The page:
Got a couple of DVDs this week: Inherent Vice and Blackhat. That is all.
At the movies: I'll preface by saying I've never seen more than a few minutes of The Man from U.N.C.L.E. TV show, so if you wanted me to actively compare the new film to it, I can't help you. It shouldn't matter. I thought UNCLE was a terrific entertainment, both exciting and funny, and making good use of its Cold War setting. It's Guy Richie's follow-up to Sherlock Holmes, basically. Same mix of slickness, fun and convoluted storytelling applied to the spy genre. Henry Cavill as Napoleon Solo is basically how I'd want a Silver Age Superman to be played, essentially untouchable even when he's clearly lost. He's as cool and controlled as Armie Hammer's Illya Kuryakin is on the edge of losing; the contrast holds a lot of (yes, realized) potential. And Alicia Vikander's Gaby as the third member of this three-hander is full of surprises as well. Somehow, Hugh Grant's Waverly still gets all the best lines. It's set up as UNCLE's origin story and primed for a sequel, but I hear it didn't do great at the box office, which is a damn shame. Don't know why they didn't market it more around Richie's name...
DVDs: As part of my I-MUST-CheckMovies 2015 Project, I'm watching 52 movies everyone seems to have seen and liked, and that I have not. Next up: Chinatown. I have severely mixed feelings about this 1974 classic, and I can't decide why that is. While Jack Nicholson is properly magnetic as a period private dick who stumbles upon a municipal conspiracy while investigating an adulterer, and the mystery itself keeps one's attention all the way through despite a certain deliberateness, I had a difficult time getting into Roman Polanski's tribute to film noir. For one thing, he is way too precious about laying in period detail - that 2-dollar bill, for example. For another, the lurid third act twist is way over the top and unnecessary, and I'm not sure what it brings to the picture exactly. Well, I guess I do - it makes the ending even darker and more depressing - but still feels a step too far (you could still have the threat of abuse without it). And while I understand that "Chinatown" is a stand-in for the protagonist's oft-alluded to past, it seems a shame not to fulfill the title's promised exoticism. I mean, what, not pulp enough?! Well made, well acted, an interesting mystery, good use of pulp/film noir plot elements, but left me a little cold an in no hurry to watch it again.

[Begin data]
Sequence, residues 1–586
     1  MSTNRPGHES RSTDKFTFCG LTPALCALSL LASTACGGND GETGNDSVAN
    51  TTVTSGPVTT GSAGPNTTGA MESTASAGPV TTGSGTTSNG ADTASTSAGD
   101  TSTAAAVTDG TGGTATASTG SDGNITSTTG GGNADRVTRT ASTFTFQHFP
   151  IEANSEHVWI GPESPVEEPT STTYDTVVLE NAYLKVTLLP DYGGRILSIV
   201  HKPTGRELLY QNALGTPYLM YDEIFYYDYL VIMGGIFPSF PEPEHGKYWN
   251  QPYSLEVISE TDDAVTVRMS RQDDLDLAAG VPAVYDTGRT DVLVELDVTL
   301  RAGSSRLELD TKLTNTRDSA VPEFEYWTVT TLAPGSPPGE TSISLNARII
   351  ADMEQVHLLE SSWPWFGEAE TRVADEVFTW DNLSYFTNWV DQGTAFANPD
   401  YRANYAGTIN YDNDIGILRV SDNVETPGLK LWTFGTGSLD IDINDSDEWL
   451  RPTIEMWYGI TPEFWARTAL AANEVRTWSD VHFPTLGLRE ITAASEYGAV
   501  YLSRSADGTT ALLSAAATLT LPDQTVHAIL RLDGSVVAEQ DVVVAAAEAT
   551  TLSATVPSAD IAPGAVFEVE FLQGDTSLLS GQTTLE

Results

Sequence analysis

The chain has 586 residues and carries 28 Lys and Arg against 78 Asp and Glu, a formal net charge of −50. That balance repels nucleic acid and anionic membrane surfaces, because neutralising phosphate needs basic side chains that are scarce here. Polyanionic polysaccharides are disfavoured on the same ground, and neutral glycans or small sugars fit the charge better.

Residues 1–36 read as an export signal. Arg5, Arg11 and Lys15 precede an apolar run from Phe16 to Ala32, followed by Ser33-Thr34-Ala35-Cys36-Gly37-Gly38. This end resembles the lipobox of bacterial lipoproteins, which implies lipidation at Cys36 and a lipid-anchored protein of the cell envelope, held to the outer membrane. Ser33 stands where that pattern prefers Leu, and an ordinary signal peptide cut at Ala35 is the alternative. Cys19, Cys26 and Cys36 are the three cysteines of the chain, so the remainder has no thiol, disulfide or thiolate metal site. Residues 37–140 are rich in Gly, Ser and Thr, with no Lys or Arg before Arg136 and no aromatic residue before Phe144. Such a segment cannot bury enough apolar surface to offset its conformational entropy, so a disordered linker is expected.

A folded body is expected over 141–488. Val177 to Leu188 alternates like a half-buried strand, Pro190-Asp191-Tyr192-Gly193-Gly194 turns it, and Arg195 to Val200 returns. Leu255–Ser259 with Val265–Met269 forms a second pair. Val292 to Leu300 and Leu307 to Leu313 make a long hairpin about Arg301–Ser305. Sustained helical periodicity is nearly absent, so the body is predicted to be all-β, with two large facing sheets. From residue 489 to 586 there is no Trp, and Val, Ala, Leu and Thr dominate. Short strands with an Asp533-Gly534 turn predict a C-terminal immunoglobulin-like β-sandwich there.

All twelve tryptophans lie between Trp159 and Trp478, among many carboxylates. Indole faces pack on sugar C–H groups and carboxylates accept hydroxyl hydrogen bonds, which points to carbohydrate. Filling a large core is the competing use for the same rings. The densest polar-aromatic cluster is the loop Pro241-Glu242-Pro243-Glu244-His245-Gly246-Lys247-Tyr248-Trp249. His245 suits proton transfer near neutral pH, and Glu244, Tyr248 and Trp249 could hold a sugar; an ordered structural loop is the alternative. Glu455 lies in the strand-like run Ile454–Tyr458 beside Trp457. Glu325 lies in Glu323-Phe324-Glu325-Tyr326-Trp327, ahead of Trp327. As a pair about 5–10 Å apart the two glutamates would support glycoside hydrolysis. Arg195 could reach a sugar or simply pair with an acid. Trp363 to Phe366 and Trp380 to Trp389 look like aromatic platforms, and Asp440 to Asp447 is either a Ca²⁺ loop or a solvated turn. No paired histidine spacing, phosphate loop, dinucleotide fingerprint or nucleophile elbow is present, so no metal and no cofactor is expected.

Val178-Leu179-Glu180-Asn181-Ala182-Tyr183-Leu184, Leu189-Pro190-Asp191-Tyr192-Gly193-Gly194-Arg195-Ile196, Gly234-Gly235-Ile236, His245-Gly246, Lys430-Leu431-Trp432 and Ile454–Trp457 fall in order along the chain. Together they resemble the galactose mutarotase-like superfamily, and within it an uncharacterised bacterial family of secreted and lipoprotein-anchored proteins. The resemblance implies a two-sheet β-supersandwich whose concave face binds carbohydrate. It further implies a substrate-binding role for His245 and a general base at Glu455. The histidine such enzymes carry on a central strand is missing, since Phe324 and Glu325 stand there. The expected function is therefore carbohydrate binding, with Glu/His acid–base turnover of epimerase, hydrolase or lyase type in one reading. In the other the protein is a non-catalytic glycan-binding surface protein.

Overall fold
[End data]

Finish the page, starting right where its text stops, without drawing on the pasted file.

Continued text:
I've finished with Millennium Season 2, and if you're interested, just look back through the last 3½ weeks of daily reviews. I will say that it was a hard road, because new showrunners Morgan & Wong completely revamped what was a dark and literate crime show into a supernatural conspiracy series, and I didn't appreciate that until the middle of the season. Still, it wasn't what we originally signed up for, and you can just tell in Chris Carter's face in the making of the season that he had one of his babies taken away from him and raised in another faith. He's very gracious, mind you, and not at all bitter, but the fact Morgan & Wong actively refused to be interviewed for the documentary (says so at the end) perhaps speaks to some acrimony in the production team. Who knows. The DVD also includes another segment with the group that served as the Millennium Group's inspiration and Millennium's consultants, though they swear they're not an artifact-seeking cult; and commentary on a couple of episodes.